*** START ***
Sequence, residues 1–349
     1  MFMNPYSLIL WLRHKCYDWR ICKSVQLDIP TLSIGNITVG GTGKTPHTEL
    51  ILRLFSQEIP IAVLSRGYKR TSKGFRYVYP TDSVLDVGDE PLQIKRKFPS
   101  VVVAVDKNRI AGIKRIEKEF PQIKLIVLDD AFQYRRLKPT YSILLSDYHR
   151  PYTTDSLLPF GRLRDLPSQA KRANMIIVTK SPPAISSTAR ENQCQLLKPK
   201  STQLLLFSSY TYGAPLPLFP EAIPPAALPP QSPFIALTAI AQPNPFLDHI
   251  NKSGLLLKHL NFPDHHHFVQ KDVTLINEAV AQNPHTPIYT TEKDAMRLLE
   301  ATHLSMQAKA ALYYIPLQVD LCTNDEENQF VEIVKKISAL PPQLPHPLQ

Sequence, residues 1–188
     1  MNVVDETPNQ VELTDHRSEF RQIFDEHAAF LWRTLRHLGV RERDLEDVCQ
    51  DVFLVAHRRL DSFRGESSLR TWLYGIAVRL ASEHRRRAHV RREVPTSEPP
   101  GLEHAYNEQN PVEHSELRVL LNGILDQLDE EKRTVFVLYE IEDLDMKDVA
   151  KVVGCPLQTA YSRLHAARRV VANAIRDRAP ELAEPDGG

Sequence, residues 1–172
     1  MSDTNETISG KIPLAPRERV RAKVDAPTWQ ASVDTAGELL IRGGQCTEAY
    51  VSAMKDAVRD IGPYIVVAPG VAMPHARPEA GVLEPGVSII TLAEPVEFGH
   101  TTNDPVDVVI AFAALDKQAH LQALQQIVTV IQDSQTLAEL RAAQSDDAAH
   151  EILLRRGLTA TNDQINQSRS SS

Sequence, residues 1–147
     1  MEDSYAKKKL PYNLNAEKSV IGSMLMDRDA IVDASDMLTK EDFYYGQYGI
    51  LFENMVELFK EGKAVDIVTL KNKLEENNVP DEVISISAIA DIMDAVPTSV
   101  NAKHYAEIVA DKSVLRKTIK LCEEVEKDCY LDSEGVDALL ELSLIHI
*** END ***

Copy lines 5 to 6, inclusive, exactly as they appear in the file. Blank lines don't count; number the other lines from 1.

   151  PYTTDSLLPF GRLRDLPSQA KRANMIIVTK SPPAISSTAR ENQCQLLKPK
   201  STQLLLFSSY TYGAPLPLFP EAIPPAALPP QSPFIALTAI AQPNPFLDHI